Monday, 9 April 2018

North Ronaldsay hand-dyes

Last week I dyed my first batch of locally sourced yarn from North Ronaldsay, Orkney's most northerly island and famous for its seaweed-eating sheep.


It's a 2ply 100% wool in 100g hanks and similar to the 2ply Shetland wool I've dyed in that it's more like a fingering weight/4ply. It has a charming, hairy appearance and an almost lustrous sheen. So far I'm really enjoying working on this base and keen to keep a hank for myself!

Inganess

 Birsay

 January sky

Mirry dancers

Scapa Flow sunset

West Mainland

 Puffin riot

 Sand and pebbles

Friday, 30 March 2018

spring day, Inganess



spring day, Inganess
size: 32.5 x 62.5 cm (53 x 83 cm inc. frame)
oil monotype and chalk on paper

I've been meaning to create work from Inganess beach (just outside Kirkwall) for a few years, yet every time I visited I left uninspired. Sometimes when I visit a place I instantly find something which excites me and other times, such as with Inganess, it takes more patience. I'll visit repeatedly through different seasons, building up a feeling for the place and its character, until I have that lightning bolt moment.

In this instance, the light grabbed me as it felt like a turning over of seasons. It was a bright, clear day and still very cool (reminding me that we're not finished with Winter) but the colours felt warmer, vibrant and more Spring-like.

I hope my two recent Inganess pieces were worth the wait!

Inganess



Inganess
size: 37.5 x 13.5 cm (58 x 34 cm inc. frame)
oil on card

Monday, 26 March 2018

new: Orkney landscape inspired wool

I'm delighted (and slightly nervous!) to announce my latest creative venture: hand-dyed yarn inspired by the Orkney landscape.

Each skein is individually hand-dyed with acid dyes, resulting in one of a kind colour blends which reflect the Orkney landscape. So far I have dyed on 100% Shetland 2ply wool, although I plan to start dyeing on North Ronaldsay (Orkney) wool soon.


It's fair to say I grew up surrounded by wool. Between my Mum being a tapestry weaver and my maternal Granny knitting colourful socks and stunning Fair Isle patterned gloves, it was hard to avoid! I've always had an appreciation for wool, however since becoming a keen knitter in the last few years my interest has definitely heightened. Towards the end of last year it led me down the exciting rabbit hole of hand-dyeing.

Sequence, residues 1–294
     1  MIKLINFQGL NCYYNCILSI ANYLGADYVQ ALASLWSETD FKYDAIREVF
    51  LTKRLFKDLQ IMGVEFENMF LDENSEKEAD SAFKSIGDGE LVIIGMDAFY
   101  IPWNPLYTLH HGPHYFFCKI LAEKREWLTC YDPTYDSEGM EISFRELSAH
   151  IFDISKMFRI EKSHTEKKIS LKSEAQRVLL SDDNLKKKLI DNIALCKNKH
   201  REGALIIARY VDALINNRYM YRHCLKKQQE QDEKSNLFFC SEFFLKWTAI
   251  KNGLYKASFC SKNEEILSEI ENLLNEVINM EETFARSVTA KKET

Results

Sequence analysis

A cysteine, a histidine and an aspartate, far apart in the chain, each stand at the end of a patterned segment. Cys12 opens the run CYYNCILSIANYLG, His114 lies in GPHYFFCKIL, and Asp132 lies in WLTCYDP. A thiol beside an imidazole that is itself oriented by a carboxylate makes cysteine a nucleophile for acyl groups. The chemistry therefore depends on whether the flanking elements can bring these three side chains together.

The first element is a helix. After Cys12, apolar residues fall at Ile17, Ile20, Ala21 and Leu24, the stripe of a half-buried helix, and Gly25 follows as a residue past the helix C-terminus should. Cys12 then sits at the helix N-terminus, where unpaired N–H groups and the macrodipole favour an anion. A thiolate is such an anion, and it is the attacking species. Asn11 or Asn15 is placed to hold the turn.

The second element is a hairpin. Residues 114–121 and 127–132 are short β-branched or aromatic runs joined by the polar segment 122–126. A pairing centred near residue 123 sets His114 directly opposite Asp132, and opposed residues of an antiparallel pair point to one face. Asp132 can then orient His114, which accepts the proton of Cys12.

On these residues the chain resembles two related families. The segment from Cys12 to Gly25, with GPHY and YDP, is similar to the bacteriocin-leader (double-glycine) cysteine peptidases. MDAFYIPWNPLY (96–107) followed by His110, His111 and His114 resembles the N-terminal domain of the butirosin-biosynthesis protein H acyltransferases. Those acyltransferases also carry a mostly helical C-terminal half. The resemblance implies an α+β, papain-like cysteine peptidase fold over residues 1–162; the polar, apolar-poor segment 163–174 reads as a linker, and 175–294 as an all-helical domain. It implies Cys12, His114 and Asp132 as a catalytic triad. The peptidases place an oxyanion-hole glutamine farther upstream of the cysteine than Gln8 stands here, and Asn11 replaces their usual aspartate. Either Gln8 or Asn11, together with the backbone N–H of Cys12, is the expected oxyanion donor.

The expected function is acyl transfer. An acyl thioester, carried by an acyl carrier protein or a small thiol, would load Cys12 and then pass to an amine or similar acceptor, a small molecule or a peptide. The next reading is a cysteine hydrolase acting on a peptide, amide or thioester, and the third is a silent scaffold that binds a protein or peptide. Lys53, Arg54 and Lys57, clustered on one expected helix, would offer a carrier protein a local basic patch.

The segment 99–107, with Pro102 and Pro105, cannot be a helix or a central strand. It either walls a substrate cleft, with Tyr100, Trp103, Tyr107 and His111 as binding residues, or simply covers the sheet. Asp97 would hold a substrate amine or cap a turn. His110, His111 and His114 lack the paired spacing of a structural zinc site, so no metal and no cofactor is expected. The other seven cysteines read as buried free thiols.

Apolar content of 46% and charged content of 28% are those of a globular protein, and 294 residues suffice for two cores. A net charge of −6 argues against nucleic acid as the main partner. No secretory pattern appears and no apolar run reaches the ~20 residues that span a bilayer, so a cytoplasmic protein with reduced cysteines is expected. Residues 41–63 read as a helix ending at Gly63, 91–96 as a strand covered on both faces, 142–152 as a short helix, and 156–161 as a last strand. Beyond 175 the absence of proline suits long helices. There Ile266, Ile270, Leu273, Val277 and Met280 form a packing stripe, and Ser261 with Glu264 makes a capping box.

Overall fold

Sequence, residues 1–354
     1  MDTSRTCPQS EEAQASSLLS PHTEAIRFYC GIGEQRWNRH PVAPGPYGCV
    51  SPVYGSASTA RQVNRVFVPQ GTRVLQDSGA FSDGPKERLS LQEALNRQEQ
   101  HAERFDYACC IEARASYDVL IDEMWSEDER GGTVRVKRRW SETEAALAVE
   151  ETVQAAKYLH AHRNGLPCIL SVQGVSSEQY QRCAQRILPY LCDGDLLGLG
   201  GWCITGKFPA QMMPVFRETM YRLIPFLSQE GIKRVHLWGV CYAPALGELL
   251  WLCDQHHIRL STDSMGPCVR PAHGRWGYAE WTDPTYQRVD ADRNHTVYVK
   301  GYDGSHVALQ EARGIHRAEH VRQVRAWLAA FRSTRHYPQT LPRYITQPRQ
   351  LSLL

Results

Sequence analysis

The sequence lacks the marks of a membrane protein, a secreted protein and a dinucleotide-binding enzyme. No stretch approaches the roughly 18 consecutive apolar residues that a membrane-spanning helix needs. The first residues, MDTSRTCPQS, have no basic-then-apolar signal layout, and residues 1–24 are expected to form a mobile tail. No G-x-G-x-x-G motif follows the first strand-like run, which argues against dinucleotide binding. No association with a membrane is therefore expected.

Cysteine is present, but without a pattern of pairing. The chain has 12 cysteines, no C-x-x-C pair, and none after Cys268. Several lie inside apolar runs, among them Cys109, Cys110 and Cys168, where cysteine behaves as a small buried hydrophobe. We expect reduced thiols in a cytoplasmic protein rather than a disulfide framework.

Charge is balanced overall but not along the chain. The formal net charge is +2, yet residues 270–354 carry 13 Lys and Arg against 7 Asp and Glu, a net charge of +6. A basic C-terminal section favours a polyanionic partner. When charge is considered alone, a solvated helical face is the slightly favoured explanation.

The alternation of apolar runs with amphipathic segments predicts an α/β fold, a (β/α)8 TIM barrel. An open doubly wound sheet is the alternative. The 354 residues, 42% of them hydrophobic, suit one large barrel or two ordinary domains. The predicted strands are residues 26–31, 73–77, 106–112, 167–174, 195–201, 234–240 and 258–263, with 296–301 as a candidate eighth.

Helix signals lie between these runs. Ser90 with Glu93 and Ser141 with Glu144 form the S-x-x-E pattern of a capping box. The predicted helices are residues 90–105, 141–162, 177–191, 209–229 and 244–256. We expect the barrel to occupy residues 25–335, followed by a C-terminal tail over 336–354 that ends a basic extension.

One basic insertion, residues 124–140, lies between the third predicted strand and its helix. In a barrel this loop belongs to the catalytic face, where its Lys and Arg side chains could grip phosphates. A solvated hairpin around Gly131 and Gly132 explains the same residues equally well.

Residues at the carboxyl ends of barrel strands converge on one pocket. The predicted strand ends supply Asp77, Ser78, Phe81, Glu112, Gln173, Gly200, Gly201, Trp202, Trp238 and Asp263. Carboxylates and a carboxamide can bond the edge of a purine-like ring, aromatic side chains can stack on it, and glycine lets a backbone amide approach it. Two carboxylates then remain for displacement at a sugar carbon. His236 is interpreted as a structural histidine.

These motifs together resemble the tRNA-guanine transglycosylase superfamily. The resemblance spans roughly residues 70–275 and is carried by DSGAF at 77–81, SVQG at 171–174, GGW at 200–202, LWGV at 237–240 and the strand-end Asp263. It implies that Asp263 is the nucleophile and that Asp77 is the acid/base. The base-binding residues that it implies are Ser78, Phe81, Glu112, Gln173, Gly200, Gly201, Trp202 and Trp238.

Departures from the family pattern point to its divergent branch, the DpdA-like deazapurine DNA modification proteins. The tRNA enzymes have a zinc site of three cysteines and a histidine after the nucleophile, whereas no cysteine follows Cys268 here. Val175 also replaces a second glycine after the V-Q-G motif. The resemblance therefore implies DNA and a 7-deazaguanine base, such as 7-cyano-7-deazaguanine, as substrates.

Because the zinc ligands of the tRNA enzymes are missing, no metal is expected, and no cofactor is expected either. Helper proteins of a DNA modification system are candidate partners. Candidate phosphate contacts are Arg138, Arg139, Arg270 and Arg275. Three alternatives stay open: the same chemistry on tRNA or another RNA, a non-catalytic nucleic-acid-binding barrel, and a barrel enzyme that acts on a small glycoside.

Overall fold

My hand-dyes very much feel like a natural extension to my artwork as I treat the wool like a blank canvas: blending tones and colours in exactly the same way as I would when drawing or painting. Each hank becomes a little landscape reflecting the light, colours and character of Orkney. Every label is then personalised with an inspiration reference.




I have chosen to work with acid dyes for their vibrancy, colour range and mixing ability. Contrary to what the name implies, the dyes themselves are concentrated pigment/powder and the only acid involved is citric acid for the setting the dyes. Nothing harmful or dangerous :)

At present I have skeined the wool into 25g and 100g hanks. Although I am aware people are keen to have yardage amounts stated on labels I'm afraid I cannot give an accurate amount as I do not own the necessary equipment to calculate it. What I can say however is that 100g of 2ply Shetland wool is approximately 400m in length before dyeing and that you'll need to allow for a small amount of shrinkage during the dye process.


In terms of care instructions I recommend a cool, gentle hand-wash only, as with any pure wool. Due to the nature of hand-dyed wool please be aware that colours may bleed slightly after the first wash.

I really hope you like this creative development as much as I do. My wool will be available to purchase at the gallery this year. We open for the season on April 1st (this Sunday) so I'm currently busy getting all my wool and artwork organised for display. Not long now!




Thursday, 22 February 2018

January storm, Newark, Deerness


January storm, Newark, Deerness
size: 48cm square (68.5 cm square inc. frame)
oil monotype and chalk on paper

Monday, 12 February 2018

thinking...


Sand O' Wright beach in Hoxa, 07/02/18, on a biting cold afternoon.

Last week I was invited to be a guest judge for the Orkney Camera Club. I've judged for them before a few years ago and yet again I found it really interesting to see how differently everybody interpreted the brief. Judging forced me to activate the analytical, art critic part of my brain, an area which feels out of practice since leaving art school (a somewhat shocking) 8 years ago this year. 

Whilst looking at all their images I realised that I hardly take photographs anymore, certainly not with a creative slant. Mostly I use photography to assist my memory and sketches in order to create art work. I rarely take photographs just for the sake of taking them. Consequently this means I've largely forgotten how to use my camera beyond the basic Auto settings and my manual cameras haven't been touched for a couple of years. 

I'd like to change this. A little shake up is good for creativity and if nothing else it will be fun.


It's also good to take some time out to doodle with no purpose or expectations. I always find pebbles lend themselves beautifully to fun, little studies or experimentations in mark making. Something may develop from it, but it's ok if it doesn't. It's just good to draw.

Thursday, 18 January 2018

mirror in the sand


"mirror in the sand" 
 Sand O' Wright beach, Hoxa
size: 30.5cm square (34 cm square inc. box frame)
oil on canvas

(detail)